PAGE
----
You can find below a list of websites which I have fully developed or in whose development I have participated as part of a wider team. The sites can be found by clicking on the image or the title, unless they are not online any longer.
I developed the Commons-Based Peer Production directory as part of my collaboration with the P2Pvalue project, in collaboration with other partners. The website was developed as an open research tool, in order to collect cases of Commons-Based Peer Production communities. It was featured in the technological magazine WIRED. Some of the features of this site are its REST API, the moderation system for contributions, and a map of the cases based on OpenStreetMaps. I am currently maintaining the website voluntarily, and it is open to contributors to continue improving it.
I developed the main website of the Centre for Research in Social Simulation of the University of Surrey as part of my collaboration with the QLectives project, and I am currently maintaining it voluntarily. The website was developed as an example of the Drupal distribution QScience, a free/libre distributed platform tailored to support the needs of modern scholarly communities. The site is developed as a collaborative tool for researchers, allowing them to upload their publications, presentations, events, etc. The development included as well the migration of all the data from the previous system (based on Joomla).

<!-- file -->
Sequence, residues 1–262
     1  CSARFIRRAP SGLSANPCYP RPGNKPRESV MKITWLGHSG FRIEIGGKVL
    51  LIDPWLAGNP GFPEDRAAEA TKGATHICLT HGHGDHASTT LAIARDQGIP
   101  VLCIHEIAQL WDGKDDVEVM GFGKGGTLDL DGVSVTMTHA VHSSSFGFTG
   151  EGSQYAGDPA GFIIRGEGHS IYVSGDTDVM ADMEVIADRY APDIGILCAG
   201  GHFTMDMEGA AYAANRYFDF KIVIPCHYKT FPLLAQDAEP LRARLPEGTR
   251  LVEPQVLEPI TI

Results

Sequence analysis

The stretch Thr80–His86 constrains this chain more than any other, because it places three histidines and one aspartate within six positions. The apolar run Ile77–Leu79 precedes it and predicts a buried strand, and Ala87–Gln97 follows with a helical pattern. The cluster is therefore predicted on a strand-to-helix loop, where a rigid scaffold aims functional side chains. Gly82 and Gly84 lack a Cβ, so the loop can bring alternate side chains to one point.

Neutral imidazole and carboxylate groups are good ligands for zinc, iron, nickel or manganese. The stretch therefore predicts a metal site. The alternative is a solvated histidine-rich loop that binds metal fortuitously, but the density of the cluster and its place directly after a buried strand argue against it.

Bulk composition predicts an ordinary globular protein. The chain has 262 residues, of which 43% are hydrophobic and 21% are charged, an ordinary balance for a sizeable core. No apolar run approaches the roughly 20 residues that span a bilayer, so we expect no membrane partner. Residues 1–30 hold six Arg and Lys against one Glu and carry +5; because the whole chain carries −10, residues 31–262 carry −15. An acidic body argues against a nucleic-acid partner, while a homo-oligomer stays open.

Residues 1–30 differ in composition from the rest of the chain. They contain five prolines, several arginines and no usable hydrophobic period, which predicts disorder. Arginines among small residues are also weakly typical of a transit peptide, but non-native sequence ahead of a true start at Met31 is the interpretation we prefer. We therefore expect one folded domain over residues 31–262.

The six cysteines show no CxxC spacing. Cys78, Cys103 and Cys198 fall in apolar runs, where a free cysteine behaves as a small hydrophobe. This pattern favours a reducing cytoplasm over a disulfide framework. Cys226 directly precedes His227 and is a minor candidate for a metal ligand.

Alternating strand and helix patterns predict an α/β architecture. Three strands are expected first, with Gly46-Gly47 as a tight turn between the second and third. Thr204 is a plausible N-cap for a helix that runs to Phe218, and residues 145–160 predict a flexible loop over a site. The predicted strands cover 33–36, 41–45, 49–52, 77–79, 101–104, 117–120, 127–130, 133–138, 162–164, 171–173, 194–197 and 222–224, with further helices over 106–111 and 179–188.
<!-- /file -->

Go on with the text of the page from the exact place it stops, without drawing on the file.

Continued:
I developed the main website of the P2Pvalue project, as part of my collaboration with it. The website was developed as another example of the Drupal distribution QScience, with the goal of providing a set of collaborative tools to the partners for the dissemination of the project. The legacy version of the website is currently archived, but I can provide access to it if necessary.
QScience is a free, open source, distributed platform tailored to support the needs of modern scholarly communities. QScience offers a free, open source, web 2.0 venue for scientists to meet and discuss about science. Display of ratings of articles, users reputation and indexes of scholarly productivity are among the supported features, however what really distinguish QScience from other analogous software is its design based on decentralised, privacy and evolutive principles.